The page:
Jump to content

  • Log in with Facebook Log in with Twitter Log In with Google      Sign In   
  • Create Account

Subscribe to HRA Now!

 



Are you a Google Analytics enthusiast?

Share and download Custom Google Analytics Reports, dashboards and advanced segments--for FREE! 

 



 

 www.CustomReportSharing.com 

From the folks who brought you High Rankings!



Photo
- - - - -

How To Do Keyword Optimization When People Love The Concept, But Aren&


  • Please log in to reply
8 replies to this topic

#1 philraymond

philraymond

    HR 2

  • Members
  • PipPip
  • 12 posts

Posted 23 September 2015 - 12:02 PM

'Minimalist living' is a trending topic right now. Many people are interested in living a simpler life, and they're searching online for how to do so.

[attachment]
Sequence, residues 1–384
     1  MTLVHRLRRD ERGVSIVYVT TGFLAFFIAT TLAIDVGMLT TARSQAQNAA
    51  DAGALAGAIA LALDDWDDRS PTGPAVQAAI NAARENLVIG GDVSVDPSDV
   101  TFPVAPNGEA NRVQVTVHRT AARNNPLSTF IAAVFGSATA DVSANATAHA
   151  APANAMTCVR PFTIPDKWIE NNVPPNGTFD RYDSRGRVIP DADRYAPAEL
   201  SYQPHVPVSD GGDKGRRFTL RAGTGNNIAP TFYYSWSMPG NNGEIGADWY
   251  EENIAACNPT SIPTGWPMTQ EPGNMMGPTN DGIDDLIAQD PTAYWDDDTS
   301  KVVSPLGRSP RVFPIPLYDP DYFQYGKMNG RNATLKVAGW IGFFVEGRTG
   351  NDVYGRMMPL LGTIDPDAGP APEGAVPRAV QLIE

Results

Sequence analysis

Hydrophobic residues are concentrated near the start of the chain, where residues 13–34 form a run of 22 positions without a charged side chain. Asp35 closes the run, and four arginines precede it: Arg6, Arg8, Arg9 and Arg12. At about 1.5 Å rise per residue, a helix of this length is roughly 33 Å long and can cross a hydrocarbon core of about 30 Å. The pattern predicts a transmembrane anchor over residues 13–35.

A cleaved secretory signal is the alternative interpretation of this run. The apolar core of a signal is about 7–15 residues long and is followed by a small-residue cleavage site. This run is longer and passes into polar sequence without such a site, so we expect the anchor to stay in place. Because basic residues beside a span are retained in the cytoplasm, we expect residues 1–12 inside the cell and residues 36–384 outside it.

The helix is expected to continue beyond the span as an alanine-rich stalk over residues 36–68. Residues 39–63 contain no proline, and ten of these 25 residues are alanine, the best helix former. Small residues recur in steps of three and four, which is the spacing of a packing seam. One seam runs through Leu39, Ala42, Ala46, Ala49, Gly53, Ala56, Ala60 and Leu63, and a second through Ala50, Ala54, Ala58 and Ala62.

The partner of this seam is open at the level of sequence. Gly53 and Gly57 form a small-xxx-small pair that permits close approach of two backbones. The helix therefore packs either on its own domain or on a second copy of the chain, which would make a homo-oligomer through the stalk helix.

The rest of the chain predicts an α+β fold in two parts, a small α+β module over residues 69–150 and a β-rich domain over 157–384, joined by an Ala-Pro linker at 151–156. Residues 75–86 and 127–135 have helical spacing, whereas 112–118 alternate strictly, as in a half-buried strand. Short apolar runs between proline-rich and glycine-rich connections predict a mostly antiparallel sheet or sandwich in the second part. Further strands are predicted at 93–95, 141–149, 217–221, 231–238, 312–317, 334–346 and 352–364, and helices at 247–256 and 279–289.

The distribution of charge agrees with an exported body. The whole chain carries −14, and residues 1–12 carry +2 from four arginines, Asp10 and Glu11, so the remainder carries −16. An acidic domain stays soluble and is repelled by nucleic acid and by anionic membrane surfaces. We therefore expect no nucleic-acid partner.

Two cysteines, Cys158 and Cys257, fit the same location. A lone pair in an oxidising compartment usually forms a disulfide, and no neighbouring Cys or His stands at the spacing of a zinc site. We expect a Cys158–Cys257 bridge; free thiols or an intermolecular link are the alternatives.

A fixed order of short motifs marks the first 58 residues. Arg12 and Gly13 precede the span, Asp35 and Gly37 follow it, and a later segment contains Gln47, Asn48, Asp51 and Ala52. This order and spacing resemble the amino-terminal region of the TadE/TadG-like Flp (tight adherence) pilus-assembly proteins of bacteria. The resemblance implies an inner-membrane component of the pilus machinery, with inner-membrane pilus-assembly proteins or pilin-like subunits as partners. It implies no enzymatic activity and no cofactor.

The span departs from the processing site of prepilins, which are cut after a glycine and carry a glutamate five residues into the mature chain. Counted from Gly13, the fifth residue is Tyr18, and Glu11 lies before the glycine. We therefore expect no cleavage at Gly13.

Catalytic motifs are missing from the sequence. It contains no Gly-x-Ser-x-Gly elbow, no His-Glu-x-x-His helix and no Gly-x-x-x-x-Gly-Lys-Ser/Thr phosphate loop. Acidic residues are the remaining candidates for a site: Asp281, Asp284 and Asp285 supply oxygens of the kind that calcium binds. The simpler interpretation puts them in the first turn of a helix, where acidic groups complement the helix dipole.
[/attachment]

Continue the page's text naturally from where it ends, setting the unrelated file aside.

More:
'Minimalist business', on the other hand, is not something people are searching for. And yet when I bring up the phrase to my small biz entrepreneur friends, their eyes often light up. When I talk about how I believe that many of us could both increase our profit and decrease our overwhelm by simplifying our businesses, their eyes light up even more.

 

So I think I'm onto something, and yet nobody is searching for 'minimalist business'. People aren't much searching for other terms that come to mind either, like 'simplifying business', etc.

 

What do you do from an SEO perspective in a situation like this? So many people I talk to really love the concept, but nobody is searching for it. Do I just build pages around topics I want to talk about anyway (e.g. email marketing) and become known as the guy who writes about online marketing from a minimalist perspective (even though minimalism won't be a big part of my keyword strategy)?